What to do When Your Sony Data Discman Dies

A new reader left a comment on my about pager this morning, and given the length of the answer I decided to post this as a standalone post rather than a response. It turns out I’m not the only one with really old gadgets:

I recently acquired a new looking Sony Data Discman DD-202, probably only sold here in Japan. There was a disc included of a New English Kanji dictionary. I have become totally dependent on that disc for my Japanese study. Suddenly, for no reason, the Discman stopped working. I am in a state of shock. I want if at all possible to get this discman repaired, either here or through the US. So far on Google I am having no luck finding anything. To replace the discman, I checked Ebay. They don’t list it, so I assume it wasn’t sold in the US. So I don’t know if the electronic book would work on one of those models. What is your advice? I love this small,somewhat heavy deep purple portable device.

Editor’s Note: For those who don’t know, the Data Discman was Sony’s first attempt to build a portable ereader. They for about 10 years (1990 to 2000), and somewhere around 40 different models were released. I covered them in greater depth here.

First, if you haven’t noticed any data read errors then the disc is probably fine. Inside the case is a 3.5″ CD, and apart from the size it is an ordinary CD.  On the other hand, the disc is reaching the end of its lifespan; many from that period have already decayed to the point they are unusable.

You can test for disc errors by checking to see if the Data Discman will run without it. It it runs then you have a disc problem, and given the age of the CD inside you’ll probably have little luck in finding a replacement.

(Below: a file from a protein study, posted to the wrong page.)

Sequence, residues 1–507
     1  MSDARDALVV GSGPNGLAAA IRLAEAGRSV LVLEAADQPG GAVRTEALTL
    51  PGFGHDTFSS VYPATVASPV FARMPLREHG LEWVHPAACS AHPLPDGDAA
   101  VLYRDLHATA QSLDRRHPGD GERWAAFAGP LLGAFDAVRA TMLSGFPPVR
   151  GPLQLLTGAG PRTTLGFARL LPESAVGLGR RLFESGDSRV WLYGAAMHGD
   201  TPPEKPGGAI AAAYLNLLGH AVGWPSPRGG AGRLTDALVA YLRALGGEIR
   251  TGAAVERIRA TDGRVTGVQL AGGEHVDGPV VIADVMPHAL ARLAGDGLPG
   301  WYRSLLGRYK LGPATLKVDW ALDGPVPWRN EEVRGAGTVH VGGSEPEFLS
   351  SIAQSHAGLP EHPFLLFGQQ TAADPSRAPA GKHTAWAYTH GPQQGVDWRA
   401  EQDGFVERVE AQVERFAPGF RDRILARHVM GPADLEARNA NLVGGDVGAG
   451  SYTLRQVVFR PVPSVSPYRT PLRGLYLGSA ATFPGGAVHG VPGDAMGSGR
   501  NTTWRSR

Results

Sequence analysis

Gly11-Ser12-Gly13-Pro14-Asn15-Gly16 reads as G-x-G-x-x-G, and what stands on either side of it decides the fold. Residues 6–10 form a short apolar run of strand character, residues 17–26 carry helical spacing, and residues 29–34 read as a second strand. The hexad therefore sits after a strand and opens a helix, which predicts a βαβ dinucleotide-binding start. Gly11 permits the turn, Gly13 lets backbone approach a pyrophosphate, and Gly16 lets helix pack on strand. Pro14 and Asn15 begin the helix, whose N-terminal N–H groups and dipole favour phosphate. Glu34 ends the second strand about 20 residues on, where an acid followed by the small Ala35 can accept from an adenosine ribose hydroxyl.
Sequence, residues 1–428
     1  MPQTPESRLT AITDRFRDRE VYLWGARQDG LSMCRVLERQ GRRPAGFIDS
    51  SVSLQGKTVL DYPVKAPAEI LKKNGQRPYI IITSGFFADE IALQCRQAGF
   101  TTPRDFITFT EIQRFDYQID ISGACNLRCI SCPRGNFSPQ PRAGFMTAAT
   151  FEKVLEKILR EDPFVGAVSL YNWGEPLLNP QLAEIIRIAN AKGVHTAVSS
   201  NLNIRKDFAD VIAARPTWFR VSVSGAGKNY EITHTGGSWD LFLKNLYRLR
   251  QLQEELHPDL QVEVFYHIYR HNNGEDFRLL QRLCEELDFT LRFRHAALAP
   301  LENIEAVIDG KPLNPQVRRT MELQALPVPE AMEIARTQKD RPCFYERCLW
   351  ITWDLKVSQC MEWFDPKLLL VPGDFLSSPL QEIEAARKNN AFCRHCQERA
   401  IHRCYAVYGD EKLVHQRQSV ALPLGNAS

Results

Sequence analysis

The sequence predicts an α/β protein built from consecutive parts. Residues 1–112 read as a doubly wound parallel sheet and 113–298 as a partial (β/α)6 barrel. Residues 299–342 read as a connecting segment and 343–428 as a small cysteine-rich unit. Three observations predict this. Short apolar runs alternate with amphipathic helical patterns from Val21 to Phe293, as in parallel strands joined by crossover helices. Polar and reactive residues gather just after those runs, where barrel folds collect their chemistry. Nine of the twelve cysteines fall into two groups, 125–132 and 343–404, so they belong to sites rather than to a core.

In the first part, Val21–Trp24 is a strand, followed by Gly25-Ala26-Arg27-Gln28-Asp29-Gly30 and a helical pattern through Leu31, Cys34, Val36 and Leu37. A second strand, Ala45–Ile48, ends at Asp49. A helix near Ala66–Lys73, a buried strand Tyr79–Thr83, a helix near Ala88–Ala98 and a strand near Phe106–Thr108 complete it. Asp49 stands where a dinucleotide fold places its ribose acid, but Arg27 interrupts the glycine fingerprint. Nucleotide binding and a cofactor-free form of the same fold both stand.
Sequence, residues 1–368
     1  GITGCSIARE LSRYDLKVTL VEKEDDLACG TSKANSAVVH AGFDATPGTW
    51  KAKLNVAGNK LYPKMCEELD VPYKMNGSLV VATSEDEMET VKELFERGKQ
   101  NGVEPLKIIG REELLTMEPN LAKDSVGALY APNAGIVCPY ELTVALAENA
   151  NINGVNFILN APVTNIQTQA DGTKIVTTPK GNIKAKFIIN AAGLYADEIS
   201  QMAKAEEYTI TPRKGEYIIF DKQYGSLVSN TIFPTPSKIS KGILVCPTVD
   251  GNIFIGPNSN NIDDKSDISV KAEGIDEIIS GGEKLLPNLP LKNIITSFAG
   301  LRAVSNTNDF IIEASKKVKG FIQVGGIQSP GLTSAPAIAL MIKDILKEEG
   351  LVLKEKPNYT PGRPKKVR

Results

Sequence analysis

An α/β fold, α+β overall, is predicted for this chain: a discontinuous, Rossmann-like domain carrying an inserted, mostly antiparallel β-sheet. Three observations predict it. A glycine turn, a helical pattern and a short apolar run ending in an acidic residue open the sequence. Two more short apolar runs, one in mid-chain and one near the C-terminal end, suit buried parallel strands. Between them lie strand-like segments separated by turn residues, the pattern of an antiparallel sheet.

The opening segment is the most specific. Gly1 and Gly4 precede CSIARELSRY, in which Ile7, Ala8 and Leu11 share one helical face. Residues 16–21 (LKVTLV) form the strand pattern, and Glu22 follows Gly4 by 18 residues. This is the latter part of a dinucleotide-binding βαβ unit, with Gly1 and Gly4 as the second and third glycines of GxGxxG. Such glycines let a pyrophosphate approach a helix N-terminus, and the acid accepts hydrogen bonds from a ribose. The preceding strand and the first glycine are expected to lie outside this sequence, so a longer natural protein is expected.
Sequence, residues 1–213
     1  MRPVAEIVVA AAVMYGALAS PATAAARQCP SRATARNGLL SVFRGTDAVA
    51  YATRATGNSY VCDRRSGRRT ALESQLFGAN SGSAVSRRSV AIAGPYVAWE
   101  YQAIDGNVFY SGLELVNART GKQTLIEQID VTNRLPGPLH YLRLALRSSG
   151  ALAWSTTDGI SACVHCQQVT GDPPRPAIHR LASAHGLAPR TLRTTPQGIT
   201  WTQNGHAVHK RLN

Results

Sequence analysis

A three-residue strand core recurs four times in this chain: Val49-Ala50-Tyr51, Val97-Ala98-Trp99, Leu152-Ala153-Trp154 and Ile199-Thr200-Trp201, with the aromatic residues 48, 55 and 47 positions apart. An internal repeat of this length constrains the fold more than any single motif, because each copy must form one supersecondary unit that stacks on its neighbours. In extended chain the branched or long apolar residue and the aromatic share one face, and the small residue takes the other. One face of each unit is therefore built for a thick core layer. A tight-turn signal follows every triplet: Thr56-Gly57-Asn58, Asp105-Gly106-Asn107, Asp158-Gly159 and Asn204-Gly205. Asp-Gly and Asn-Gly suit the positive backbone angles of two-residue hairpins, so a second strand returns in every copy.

You can also test the disc by removing it from the case and inserting it into your computer’s CD drive. The data will be inaccessible, but you should at least be able to read the disc and see that the data is inaccessible. This photo should give you an idea how to open the case:

If the DD doesn’t run without the disc then it is probably dead. Repairing it will be incredibly expensive and will cost more than simply replacing it, so I would give it a decent funeral.

Replacing it shouldn’t be that hard. Sony made these things for 10 years, and a surprisingly large number were bought and then stuck in a closet. That’s good news for us because they show up on Ebay about twice a month. Sometimes they sell for almost nothing.

Now, this user might want to be more careful. He raised a point that the US models might not read the Japanese language disc. I don’t see why they wouldn’t but this is a reasonable concern. S in this case he’d want to go look on Ebay for Japanese models of the Data Discman. They do show up every once in a while (that’s where I got mine).

In the long run this user is going to have to plan on finding a replacement. CDs from that period are destined to fail in the not too distant future, and devices themselves are likely to die even sooner (they were never intended to work this long).

And unfortunately the Data Discman was never popular enough to develop the cult following of devices like the Apple Newton (which still has a 3rd party repair service), so there’s almost no support for these devices.


Nate Hoffelder

View posts by Nate Hoffelder
Nate Hoffelder is the founder and editor of The Digital Reader. He has been blogging about indie authors since 2010 while learning new tech skills weekly. He fixes author sites, and shares what he learns on The Digital Reader's blog. In his spare time, he fosters dogs for A Forever Home, a local rescue group.